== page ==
This robot chef can taste salt with its arm
Robots can see in wavelengths beyond human eyes. Robots can hear in wavelengths beyond human ears. Robots can even feel with tactility approaching human skin.
But when it comes to tasting, robots are laggards. Taste is a sense that may seem basic to any human, including young children licking food from the floor, but not to robots. Tasting technology doesn’t even come close to the multifaceted sensitivity of the human tongue.
For robot-builders and food scientists alike, improving that technology is an active area of research. One idea: Relocating the tongue to an arm, which a robot can manipulate. Researchers at the University of Cambridge have done just that, testing a robot arm’s ability to taste eggy dishes. They published their work in the journal Frontiers in Robotics and AI on May 4.
The Cambridge group weren’t new to the idea, having previously created a robot that could make omelettes and improve its egg-making prowess with human feedback. It slots neatly into a wave of robots that have started to work their way into restaurants, typically doing rote kitchen tasks.
Take Spyce, a Boston-area restaurant where patrons could watch automated machines cook up customized bowls. The MIT engineers who founded Spyce had dreams of expanding it into a chain across the US East Coast. But those dreams met a mixed reception, and Spyce shuttered its doors earlier this year.
For robots, even the most elementary cooking tasks can prove to be insurmountable obstacles. One British startup offers a set of robotic cooking arms, which costs over $300,000, that can make thousands of recipes—but it still needs human help to chop its vegetables.
[Related: What robots can and can’t do for a restaurant]
Another thing that robots cannot do—but what comes naturally to many human cooks—is to check their progress by taste. “If robots are to be used for certain aspects of food preparation, it’s important that they are able to ‘taste’ what they’re cooking,” said Grzegorz Sochacki, an engineer at Cambridge and an author of the study, in a press release.
That’s a solvable problem, because taste is a chemical process. Flavors are your brain’s interpretations of different molecules touching your tongue. Acids, for instance, taste sour, while their alkaline counterparts taste bitter. Certain amino acids give a savory umami taste, while salts like sodium chloride taste, well, salty. A chemical called capsaicin is responsible for the hot spice of peppers.
For some years now, researchers have been tinkering with so-called “electronic tongues,” devices that emulate that process by sensing those molecules and more. Some of those implements even look like human tongues. In past research, they’ve been used for tasting orange juice.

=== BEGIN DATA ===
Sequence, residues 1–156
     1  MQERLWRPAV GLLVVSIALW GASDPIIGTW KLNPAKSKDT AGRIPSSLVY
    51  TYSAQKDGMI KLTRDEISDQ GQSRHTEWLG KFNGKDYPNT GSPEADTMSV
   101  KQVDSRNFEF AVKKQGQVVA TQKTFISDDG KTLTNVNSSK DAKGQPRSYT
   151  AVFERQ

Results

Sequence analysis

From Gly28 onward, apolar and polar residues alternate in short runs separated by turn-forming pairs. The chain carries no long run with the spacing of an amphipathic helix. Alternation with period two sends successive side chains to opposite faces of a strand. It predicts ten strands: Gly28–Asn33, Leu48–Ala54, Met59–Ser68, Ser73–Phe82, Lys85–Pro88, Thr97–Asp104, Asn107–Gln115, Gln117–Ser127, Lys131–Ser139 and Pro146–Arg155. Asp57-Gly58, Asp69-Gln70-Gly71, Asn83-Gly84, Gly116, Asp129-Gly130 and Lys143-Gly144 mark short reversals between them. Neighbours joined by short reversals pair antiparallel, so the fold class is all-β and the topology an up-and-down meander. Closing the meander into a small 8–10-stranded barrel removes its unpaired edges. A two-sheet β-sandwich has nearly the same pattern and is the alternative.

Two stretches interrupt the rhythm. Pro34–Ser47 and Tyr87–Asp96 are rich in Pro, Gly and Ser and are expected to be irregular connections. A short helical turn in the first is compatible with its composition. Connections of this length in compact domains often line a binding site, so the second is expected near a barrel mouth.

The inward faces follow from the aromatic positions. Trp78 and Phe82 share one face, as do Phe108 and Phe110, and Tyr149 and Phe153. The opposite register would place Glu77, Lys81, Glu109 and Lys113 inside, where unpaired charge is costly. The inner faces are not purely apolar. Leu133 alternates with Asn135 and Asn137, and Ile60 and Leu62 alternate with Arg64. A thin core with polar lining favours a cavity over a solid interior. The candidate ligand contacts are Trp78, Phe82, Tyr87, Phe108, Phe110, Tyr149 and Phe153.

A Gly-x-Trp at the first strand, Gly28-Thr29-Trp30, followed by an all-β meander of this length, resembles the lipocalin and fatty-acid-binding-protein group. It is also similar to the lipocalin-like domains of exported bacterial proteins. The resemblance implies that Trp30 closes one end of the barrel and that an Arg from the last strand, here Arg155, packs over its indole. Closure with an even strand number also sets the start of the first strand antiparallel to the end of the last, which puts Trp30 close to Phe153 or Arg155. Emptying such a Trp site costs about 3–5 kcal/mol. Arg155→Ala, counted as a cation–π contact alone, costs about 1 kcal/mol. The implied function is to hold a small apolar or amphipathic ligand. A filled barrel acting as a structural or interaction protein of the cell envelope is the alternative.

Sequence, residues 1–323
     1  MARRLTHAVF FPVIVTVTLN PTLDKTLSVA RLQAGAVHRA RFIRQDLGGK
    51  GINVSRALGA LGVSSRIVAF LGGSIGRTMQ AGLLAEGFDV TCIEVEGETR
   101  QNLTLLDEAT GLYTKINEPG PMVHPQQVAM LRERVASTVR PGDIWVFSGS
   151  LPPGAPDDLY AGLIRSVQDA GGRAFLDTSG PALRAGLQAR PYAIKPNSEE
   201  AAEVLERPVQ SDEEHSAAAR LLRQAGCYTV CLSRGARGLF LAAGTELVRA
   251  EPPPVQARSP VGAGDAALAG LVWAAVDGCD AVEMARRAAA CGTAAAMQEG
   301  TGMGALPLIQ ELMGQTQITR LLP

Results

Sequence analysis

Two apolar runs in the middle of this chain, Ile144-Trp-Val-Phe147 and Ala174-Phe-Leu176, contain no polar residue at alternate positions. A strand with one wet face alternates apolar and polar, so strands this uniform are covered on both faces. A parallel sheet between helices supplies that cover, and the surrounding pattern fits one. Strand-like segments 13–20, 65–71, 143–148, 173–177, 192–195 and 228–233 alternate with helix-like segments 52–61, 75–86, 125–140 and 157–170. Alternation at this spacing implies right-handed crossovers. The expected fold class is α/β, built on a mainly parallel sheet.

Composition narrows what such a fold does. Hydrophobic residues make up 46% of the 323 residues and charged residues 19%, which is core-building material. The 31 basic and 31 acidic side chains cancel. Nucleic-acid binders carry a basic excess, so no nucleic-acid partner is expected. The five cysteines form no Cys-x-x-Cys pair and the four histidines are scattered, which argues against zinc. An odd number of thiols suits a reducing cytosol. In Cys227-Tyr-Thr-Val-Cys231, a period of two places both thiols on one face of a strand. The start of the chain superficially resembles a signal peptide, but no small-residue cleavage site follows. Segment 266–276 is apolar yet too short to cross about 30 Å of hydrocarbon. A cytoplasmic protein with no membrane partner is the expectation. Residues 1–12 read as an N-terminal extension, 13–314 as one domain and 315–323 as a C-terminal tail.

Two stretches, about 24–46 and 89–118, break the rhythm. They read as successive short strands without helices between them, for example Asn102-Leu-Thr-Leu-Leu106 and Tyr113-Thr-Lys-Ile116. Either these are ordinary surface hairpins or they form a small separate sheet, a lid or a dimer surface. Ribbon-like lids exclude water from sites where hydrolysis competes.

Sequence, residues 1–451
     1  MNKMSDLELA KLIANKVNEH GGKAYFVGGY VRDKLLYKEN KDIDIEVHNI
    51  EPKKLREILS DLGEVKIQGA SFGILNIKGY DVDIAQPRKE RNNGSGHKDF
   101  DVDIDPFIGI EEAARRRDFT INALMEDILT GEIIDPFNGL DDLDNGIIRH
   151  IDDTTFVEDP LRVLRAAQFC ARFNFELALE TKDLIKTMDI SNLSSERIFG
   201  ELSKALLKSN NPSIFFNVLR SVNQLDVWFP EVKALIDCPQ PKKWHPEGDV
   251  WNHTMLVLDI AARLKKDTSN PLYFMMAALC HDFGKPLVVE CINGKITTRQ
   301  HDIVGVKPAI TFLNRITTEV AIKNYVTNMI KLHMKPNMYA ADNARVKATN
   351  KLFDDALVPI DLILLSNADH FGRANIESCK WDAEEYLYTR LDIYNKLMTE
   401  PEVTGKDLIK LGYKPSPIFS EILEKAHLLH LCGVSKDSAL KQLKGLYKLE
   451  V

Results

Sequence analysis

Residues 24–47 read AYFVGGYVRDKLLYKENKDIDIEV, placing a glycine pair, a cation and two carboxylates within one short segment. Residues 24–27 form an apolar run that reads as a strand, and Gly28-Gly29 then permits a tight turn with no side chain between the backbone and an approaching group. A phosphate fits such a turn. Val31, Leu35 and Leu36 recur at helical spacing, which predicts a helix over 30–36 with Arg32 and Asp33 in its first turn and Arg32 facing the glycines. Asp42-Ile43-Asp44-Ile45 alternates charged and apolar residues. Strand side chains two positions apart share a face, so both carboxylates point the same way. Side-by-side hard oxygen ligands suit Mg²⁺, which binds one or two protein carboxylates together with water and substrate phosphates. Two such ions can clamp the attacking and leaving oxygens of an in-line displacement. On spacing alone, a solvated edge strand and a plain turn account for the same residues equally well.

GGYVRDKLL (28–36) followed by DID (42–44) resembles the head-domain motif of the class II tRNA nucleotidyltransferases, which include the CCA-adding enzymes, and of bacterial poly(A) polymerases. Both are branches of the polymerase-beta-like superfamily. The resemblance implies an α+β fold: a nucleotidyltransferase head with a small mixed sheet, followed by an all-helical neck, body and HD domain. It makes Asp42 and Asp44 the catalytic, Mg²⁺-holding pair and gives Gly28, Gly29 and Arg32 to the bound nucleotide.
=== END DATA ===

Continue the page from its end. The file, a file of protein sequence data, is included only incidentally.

But electronic tongues are a pale imitation of the organic kind. To taste anything even remotely solid—even honey—you need to mix the food with water, and that water must be pure, to keep out unwanted molecules. Electronic tongues can appraise cheese or a braised chicken dish, but a human needs to liquefy the food first. You’d be hard-pressed to find any cook that wants to wait 10 minutes to have a taste.
Even then, that process results in a one-time measurement that doesn’t do the food justice. Any foodie will know that taste is far more complex than taking a chemical sample of liquified food. Taste changes over the course of a bite. Different seasonings will hit at different points. As you chew on a morsel, and as your saliva and digestive enzymes mix with an increasingly mushy mouthful, the bite’s flavor profile can change.
The Cambridge group hoped to address that issue head-on (or, perhaps, mouth-on). Instead of a tongue-like tendril, they decided to shift the taster—specifically, a salinity sensor—to a movable arm. In doing so, the researchers hoped to give the robot a tool that could sample a dish at multiple points during preparation and chart a “taste map” of the food.
“For the robot to have control of the motion and where and how it is sampling” is different from other electronic tongues that have come before, says Josie Hughes, a roboticist at the École Polytechnique Fédérale de Lausanne in Switzerland, who was part of the Cambridge group in the past but wasn’t an author on this current paper.
To test the arm, the researchers created nine simple egg dishes, each one with different quantities of salt and tomato. The arm mapped out the salinity of each plate. Afterward, the researchers put each dish in a blender, to see if the robotic arm could discern the differences in salinity as the egg and tomatoes churned together into a salmon-colored mush, as they would in a human mouth.
With this new technique, the researchers could create salt maps that surpassed anything electronic tongues had done before. Of course, salinity is only one aspect of cooking. In the future, the researchers hope to expand to other tastes, such as sweetness or oiliness. And putting food in a blender isn’t quite the same as putting it in your mouth.
“Perhaps in the short term we might see robot ‘assistants’ in the kitchen,” says Hughes, “but we need more exciting and insightful advances such as this work to be able to develop robots that can taste, chop, mix, cook and learn as a true human chef.” The road to getting anything like this robot into a kitchen, whether that’s in a restaurant or at home, might make culinary training seem easy in comparison.